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US: Caterpillar Inc cuts ties with Boy Scouts over lack of progress on gay leadership

June 13, 2013
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Caterpillar Inc, best known for producing construction equipment, have cut ties between their charitable foundation and the Boy Scouts of America (BSA). However, unlike recent groups to pull support the Scouts, Caterpillar say BSA did not go far enough with their decision to allow gay members into the organisation.

Back in May, BSA’s final vote on the issue of gay members took place in Dallas-Fort Worth, Grapevine, where over 60% of the 1,400 strong national council of local leaders, voted to lift the national ban. The ban on adult members remains in place.

On Wednesday the largest Protestant denomination in the US, the Southern Baptist Convention (SBC), adopted a resolution to disapprove of BSA’s decision to allow gay youth members.

The resolution does not sever any ties with BSA. However, individual congregations are allowed to do so, and several Baptist and other-denomination churches across the country have already pulled their sponsorship

“We’re a Bible-believing church, and the Boy Scouts have opted to pursue a different moral path. It’s a sad time for us,” said Buck Storm, associate pastor of the Candlelight Christian Fellowship. The Idaho-based church is one of the latest to decide to cut ties with the Scouts.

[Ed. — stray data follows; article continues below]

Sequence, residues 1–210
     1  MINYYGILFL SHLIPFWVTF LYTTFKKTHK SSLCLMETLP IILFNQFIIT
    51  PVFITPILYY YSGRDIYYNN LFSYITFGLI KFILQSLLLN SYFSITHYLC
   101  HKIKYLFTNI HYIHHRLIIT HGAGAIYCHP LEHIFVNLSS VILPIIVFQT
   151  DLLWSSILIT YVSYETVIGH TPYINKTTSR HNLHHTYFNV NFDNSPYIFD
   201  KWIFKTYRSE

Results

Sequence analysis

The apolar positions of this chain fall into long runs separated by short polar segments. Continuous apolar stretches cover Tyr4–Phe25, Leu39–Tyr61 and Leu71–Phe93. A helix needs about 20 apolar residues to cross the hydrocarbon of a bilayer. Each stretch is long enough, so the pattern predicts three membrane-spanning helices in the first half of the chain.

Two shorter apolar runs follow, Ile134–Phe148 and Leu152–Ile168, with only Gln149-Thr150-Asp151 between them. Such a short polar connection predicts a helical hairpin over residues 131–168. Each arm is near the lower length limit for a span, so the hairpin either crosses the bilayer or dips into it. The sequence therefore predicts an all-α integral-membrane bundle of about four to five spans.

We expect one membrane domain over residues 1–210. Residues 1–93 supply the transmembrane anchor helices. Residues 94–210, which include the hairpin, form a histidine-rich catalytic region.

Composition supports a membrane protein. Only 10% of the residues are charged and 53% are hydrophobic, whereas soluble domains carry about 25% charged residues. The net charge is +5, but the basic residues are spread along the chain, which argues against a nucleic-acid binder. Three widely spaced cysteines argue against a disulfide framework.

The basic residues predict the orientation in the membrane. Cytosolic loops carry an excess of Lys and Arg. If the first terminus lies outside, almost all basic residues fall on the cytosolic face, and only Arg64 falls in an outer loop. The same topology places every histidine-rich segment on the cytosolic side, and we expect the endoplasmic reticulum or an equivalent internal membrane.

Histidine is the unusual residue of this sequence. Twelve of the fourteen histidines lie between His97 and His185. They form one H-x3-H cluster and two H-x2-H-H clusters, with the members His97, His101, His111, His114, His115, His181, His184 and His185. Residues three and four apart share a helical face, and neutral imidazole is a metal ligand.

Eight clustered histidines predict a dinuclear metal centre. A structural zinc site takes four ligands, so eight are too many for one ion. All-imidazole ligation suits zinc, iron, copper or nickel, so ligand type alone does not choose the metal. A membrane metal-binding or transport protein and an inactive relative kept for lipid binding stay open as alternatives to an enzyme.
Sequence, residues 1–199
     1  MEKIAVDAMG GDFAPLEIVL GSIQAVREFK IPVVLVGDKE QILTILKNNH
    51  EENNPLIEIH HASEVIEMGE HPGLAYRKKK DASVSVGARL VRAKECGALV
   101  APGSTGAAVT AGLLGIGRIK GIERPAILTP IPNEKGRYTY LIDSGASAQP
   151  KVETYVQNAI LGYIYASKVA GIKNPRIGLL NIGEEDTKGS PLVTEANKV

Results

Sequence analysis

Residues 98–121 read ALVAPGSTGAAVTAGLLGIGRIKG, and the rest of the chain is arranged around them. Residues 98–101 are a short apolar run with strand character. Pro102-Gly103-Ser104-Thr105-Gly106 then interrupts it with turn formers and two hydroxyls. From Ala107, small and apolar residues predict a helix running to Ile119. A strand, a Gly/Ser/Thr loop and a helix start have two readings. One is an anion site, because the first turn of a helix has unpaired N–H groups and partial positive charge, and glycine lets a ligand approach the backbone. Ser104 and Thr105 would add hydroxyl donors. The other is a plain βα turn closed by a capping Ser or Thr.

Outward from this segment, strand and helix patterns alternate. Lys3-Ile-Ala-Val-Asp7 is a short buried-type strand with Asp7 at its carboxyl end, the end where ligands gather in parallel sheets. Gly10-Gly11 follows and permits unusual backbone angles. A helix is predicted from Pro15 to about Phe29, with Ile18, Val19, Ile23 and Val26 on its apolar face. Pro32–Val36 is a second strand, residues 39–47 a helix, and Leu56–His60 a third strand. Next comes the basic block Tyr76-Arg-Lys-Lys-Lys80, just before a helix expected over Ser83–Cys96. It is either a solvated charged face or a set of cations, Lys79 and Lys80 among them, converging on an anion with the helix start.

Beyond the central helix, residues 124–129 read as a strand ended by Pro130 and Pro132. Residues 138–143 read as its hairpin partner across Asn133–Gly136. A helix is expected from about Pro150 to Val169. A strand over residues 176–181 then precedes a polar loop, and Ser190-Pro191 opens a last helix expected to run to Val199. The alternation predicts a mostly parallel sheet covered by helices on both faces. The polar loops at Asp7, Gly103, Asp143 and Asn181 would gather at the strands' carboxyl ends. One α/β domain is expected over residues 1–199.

In a statement on Wednesday, the same day as the SBC announced their disapproval, Caterpillar Inc said:

“While we applaud the decision by the Boy Scouts of America (BSA) that youth may no longer be denied membership on the basis of sexual orientation or preference, the fact remains that the BSA continues a policy that does not allow adult leaders who are open or avowed homosexuals.

“Because this policy does not align with Caterpillar’s enterprise policies on discrimination against sexual minorities, the Caterpillar Foundation does not invest in the BSA.”

The Foundation was reviewing a $25,000 (£15,946) grant renewal request from BSA as part of a longstanding sponsorship, according to spokesperson Rachel Potts.

BSA has strong ties to various churches across the US, with about 70% of the group’s 100,000+ units chartered by faith-based organisations.

The two largest religious sponsors of the Boy Scouts, the Mormon Church, and the United Methodist Church, have both said they will continue their roles in scouting.

The third-largest sponsor, the Catholic Church, has acknowledged that the change in policy does not take place until January 2014, and has said it will use the ”adequate time to study its effects.”

Related topics: Americas, Boy Scouts, Boy Scouts of America, BSA, Discrimination, gay scouts, US

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